So while I will be writing about "office" in the context that probably first came to mind when you saw the title to this blog - the productivity suite from a certain software company in Redmond - there's a lot more to talk about than that. There are an increasing number of alternatives like OpenOffice, Star Office, and WordPerfect. Apple's iWork suite gets more interesting with each release. And there's the emerging Software as a Service (Saas) explosion taking place that Phil Wainewright covers so well here at ZDNet. Something he wrote last September has stuck with me ever since. In that post, Phil made a very compelling argument about why the web and SaaS would ultimately succeed not by replacing, but by redefining how software impacts our work.
"Where the Web comes into its own is in collaborative applications, such as jointly authoring a report or an article or designing a presentation in co-operation with a virtual team of domain experts. Before we had the Internet, of course, people used to congregate in offices for the precise purpose of performing this kind of collaboration. That's why I say Microsoft's suite would be more accurately named Cubicle. It was originally developed with no collaborative capabilities whatsoever, and whatever capabilities have subsequently been grafted on are pretty lamentable on the whole, up to and including SharePoint. The product thus bears little or no relation to the true concept of offices as people experience and use them in the real world."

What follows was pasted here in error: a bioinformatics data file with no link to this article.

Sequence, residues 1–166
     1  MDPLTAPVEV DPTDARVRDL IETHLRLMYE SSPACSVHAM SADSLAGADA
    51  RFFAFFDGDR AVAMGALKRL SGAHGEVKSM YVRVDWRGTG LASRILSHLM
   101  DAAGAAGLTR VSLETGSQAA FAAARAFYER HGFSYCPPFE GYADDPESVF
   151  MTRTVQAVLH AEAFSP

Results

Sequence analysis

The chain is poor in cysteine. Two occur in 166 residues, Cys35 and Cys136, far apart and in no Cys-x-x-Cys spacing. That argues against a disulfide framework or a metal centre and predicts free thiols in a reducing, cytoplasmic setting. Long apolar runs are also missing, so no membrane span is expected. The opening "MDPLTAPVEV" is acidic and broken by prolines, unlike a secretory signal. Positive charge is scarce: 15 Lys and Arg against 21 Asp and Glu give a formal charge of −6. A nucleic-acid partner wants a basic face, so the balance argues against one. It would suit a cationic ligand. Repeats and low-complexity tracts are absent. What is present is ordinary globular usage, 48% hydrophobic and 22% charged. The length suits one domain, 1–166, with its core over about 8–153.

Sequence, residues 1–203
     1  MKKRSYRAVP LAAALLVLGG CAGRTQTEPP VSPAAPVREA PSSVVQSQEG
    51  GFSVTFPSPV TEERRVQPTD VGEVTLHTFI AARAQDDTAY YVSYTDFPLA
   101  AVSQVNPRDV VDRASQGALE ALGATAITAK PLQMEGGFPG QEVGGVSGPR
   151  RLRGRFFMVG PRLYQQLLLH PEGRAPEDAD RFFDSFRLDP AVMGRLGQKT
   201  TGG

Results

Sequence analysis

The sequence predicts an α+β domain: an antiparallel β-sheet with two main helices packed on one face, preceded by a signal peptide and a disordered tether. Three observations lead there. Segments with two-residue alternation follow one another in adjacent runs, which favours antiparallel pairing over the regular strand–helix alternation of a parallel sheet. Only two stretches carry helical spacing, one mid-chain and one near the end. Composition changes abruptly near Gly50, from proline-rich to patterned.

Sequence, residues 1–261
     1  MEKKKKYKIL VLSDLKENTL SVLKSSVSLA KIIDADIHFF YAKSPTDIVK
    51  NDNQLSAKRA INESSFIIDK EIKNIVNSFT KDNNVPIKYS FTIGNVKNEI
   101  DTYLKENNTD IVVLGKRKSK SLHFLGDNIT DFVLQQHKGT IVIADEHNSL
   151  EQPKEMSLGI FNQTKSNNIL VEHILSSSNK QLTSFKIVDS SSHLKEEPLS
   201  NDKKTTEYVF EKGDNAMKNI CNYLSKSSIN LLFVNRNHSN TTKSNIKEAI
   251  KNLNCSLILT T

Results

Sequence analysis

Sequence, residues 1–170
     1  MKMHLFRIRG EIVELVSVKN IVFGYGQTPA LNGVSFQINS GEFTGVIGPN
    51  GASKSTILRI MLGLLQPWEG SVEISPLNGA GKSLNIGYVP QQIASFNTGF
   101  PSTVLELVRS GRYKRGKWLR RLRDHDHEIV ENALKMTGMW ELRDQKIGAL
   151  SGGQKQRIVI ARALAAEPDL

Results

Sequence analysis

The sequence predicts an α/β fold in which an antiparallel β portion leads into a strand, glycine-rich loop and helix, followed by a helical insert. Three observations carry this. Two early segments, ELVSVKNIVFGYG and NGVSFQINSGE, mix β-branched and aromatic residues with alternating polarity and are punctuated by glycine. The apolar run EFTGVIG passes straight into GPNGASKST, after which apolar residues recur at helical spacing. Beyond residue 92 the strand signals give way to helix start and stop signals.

Mobility and productivity are areas I'll explore as well. Tablet PCs, mini-PCs you can hold in the palm of your hand, and converged devices like Blackberry, Treo, and Windows Smartphones provide ways to work in places we never have been able to before. Even something as common as the pocket-sized USB drives that have all but replaced floppy disks can be used to assemble a complete software and personal data environment that frees you from any particular PC. EV-DO, municipal WiFi, and other increasingly available and affordable connectivity options create new opportunities to shift where and when we work.
That can be a trap, as many of us have learned. Always on and always connected makes it awfully easy to be always working. In order to carve out time for family, friends, and personal pursuits we need to impose a little of our own order on the chaos. Productivity is a loose term that means different things to different people. To me it means using technology to reduce the time I spend doing routine, time-consuming tasks so I can focus my time on what I need and want to get done. It also means finding techniques and practices to keep work in its place and maintain a healthy work-life balance.
Welcome to Office Evolution. I'm looking forward to sharing some of what I've learned along the way and hearing from you. Leave a comment about how your work is evolving, how you address productivity and balance, and what tools, tips, and tricks you've adopted. When you have another approach to the one I propose, chime in. If you think I've gone completely mad, say so. Thanks for stopping by.